A blue beanie for Blue Beanie Day

As technology changes, it becomes all the more important that the basics of the web remain the same. Today we remind ourselves why Web Standards matter.

It’s impossible to build products for every rendering engine, that’s why we are pushing for Web Standards in all browsers.

We support the work of the World Wide Web Consortium, the international community where member organizations work together to develop Web Standards. Several of Vivaldi’s developers were involved in the initial development of W3C standards.

“With my previous company, I participated in the IETF working groups for HTTP, TLS, and PKIX (certificates) where I published a total of 10 documents including one RFC. I was part of the W3C working group that put together “Web Security Context: User Interface Guidelines” and I took part in the Cabforum when the EV and baseline requirements guidelines were defined”, Vivaldi developer Yngve Pettersen says.

“Without Web Standards there can be no web, only walled gardens”, he adds. “It’s like in that comics where devs are angry that there are so many standards and decide to develop a universal standard that covers all use cases. All they accomplish is that they end up with yet another standard. As new technology emerges, we need to keep the basics of the web the same”.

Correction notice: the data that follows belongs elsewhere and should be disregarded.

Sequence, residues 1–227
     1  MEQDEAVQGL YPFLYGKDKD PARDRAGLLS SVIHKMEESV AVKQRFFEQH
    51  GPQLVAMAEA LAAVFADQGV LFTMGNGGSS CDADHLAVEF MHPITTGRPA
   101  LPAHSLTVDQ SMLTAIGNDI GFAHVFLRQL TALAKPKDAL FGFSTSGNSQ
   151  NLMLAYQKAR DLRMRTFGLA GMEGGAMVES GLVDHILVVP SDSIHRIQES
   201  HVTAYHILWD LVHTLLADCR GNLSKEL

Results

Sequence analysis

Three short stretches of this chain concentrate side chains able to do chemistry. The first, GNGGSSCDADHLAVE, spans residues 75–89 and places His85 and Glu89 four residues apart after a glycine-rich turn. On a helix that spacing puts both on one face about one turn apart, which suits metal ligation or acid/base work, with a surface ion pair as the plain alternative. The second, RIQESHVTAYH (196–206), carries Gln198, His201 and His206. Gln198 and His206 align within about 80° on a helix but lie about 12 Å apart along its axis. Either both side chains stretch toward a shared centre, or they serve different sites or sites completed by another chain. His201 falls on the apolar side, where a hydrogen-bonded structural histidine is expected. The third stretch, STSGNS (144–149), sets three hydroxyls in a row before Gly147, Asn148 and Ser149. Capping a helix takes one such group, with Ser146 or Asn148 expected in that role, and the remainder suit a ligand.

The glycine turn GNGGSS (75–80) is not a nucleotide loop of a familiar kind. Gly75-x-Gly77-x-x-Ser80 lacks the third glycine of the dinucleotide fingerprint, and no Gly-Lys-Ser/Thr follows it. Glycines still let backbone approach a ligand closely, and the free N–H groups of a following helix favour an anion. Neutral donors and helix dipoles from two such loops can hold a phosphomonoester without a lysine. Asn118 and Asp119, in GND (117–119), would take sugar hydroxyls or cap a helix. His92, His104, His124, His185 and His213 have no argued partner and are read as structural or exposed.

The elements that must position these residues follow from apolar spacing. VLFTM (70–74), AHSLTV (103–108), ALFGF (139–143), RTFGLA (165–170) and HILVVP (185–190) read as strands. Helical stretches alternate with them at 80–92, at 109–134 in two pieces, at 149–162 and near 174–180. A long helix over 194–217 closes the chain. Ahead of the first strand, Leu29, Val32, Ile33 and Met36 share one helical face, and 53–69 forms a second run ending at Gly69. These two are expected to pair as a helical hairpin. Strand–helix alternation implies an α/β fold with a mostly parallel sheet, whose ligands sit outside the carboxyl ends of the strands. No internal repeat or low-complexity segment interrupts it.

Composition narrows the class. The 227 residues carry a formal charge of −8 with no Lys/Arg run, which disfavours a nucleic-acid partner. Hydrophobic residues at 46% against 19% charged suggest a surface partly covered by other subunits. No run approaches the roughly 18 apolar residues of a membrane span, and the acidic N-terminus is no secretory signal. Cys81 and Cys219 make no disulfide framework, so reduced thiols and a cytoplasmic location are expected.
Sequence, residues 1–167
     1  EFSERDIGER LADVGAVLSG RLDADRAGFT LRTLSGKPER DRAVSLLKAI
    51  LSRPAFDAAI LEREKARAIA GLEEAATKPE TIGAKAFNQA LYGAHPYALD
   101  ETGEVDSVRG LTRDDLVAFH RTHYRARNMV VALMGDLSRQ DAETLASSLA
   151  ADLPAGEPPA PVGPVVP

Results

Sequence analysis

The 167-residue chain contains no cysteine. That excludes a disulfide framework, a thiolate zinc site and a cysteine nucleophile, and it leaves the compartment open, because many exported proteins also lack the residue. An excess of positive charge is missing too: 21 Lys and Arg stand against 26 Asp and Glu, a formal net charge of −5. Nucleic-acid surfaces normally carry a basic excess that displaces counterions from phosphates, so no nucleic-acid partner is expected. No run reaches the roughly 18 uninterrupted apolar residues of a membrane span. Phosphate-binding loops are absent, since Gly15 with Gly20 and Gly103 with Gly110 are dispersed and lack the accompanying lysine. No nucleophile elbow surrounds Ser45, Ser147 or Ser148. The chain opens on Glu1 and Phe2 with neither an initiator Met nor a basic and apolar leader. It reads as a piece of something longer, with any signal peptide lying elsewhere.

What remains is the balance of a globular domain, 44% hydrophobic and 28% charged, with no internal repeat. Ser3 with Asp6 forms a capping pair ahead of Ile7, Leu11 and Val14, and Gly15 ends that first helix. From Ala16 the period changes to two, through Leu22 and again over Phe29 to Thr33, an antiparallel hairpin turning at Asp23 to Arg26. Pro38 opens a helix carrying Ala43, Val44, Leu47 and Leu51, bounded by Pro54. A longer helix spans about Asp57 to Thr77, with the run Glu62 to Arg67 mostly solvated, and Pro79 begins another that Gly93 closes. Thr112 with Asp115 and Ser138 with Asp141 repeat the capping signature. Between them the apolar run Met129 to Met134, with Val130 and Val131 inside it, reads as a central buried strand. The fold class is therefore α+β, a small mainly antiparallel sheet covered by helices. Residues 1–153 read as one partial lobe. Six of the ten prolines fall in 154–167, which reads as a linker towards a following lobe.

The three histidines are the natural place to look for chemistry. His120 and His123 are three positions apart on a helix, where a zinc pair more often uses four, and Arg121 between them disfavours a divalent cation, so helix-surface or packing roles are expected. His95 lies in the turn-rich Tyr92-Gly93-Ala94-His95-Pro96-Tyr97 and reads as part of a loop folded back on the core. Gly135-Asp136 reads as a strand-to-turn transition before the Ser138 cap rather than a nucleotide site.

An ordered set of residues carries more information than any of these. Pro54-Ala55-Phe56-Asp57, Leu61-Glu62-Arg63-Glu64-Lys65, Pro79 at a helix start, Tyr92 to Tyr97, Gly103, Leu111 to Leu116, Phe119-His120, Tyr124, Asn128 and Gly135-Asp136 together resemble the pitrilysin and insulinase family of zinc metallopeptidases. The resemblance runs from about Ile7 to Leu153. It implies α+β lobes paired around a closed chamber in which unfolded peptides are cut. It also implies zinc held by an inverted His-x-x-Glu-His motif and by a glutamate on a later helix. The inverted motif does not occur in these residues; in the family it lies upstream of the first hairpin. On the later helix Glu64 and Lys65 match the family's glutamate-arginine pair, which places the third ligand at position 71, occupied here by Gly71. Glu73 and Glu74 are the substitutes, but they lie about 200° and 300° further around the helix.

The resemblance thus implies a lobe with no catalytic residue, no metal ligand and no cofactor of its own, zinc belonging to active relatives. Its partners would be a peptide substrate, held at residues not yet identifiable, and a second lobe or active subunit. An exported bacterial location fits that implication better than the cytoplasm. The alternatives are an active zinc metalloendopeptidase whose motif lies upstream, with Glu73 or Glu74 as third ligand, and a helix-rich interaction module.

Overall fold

“It may sound ironic coming from a dev working on a Chromium-based browser, but Web Standards have been a bit under threat in recent years due to the Chromium hegemony in the browser market. In general, whatever Chromium implements is going to be what everyone supports, regardless of the actual standard”, says Vivaldi developer Julien Picalausa. 

Why Web Standards matter

Web Standards are rules and guidelines many web developers follow to make sure their web pages display optimally across all browsers and devices, including new mobile devices.

Webpages compliant with Web Standards use, for example, CSS and are therefore smaller in size and load faster. They are easier and cheaper to maintain (e.g. colors and fonts can be changed by modifying just one style sheet instead of editing every individual page). It’s also easier for search engines to access and index pages designed to Web Standards.

Which is why today we celebrate Web Standards and the best practices they encourage.

“I actually believe that all kinds of standards are important. This is a way to prevent walled gardens and encourage security and safety. This will become even more relevant in the near future with IoT growing, for instance. It will probably call for many new standards”, Julien says. 

Why the blue beanie

Back in 2003, web designer Jeffrey Zeldman wrote a book about Web Standards and wore a blue beanie on the cover. This inspired the inventors of Blue Beanie Day to choose a blue beanie as a sign of Web Standards. The day raises awareness of the importance of Web Standards.

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